09-23-2008 05:14 PM
    You absolutely cannot, cannot blame Native American societies for the genocide in the new world. Not only is it arguably the most offensive thing imaginable (would you blame the Jews who died in the Holocaust for their own deaths because their grandparents didn't convert to Protestantism and marry into German families?), it's historically moronic. Native American societies were not Stone Age societies. You don't know the meaning of the term or else you'd know that. You're also ignoring the deliberate spread of smallpox by white settlers and soldiers. If you're going to be historically revisionist and say that it wasn't all the white man's fault, you absolutely cannot excuse the whole thing. Again, it's you who made the value judgment of Western culture and that's all that needs to be challenged. I don't have to say that Western culture is worse than any other culture in order to disprove your points. In addition, I would argue that the majority of atrocities committed in the name of "collective ideologies" were, for the most part, collectively ideological in name. "God, Glory, and Gold" is a stupid phrase that ignores the fact that Western expansion has always been about wealth first and any other reasoning second.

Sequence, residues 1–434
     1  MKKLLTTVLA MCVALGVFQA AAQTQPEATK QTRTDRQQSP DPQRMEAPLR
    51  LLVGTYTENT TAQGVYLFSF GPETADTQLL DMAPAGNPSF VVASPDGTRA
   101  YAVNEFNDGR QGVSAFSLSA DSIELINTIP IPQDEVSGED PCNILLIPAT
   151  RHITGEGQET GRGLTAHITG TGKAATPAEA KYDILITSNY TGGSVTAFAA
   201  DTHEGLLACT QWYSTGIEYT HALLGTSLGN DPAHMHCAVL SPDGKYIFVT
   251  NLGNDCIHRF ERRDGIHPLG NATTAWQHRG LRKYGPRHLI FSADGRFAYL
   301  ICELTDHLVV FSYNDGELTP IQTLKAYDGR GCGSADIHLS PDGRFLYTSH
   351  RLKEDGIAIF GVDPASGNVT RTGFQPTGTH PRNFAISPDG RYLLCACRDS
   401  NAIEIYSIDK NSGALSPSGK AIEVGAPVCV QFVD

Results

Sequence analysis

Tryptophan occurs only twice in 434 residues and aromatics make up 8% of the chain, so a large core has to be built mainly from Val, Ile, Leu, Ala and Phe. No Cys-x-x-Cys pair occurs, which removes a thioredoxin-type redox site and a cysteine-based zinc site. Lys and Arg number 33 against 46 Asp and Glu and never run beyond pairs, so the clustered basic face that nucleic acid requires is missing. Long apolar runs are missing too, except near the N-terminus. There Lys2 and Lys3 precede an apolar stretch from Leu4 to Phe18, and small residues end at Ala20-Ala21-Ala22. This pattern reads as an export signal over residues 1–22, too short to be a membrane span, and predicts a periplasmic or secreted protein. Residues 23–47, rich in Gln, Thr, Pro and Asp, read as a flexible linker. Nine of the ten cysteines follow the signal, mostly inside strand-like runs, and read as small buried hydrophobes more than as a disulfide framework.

6. Daveman
    09-23-2008 10:46 AM
    Well I was thinking it was maybe there for ironic purposes in that you might find it to be pretty disgusting. It's awfully optimistic about Western culture. Ya know, the culture that found it acceptable to commit genocide in the Americas and establish an entire economy around race-based slavery and environmental destruction. And the militarism. Ya know.

    Not that other civilizations are necessarily better, but if you're going to quote that kind of a value judgment about all societies and cultures, expect to be criticized for it.
  7. Daveman
    09-22-2008 01:56 PM
    I can't tell if you have the quote in your signature to be ironic but it's fairly disgusting.
  8. Spiker
    02-23-2008 04:04 PM
    No messages? What have happened to them? I know, they burned!

About Me

  • About Mikko Sandt
    Student of Economics
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    The West is not simply better than non-Western cultures, it is vastly, fundamentally better. Hellenic culture is the only truly human civilization, the only one for which human reason, not animal stultification, is the ideal. –Greg Swann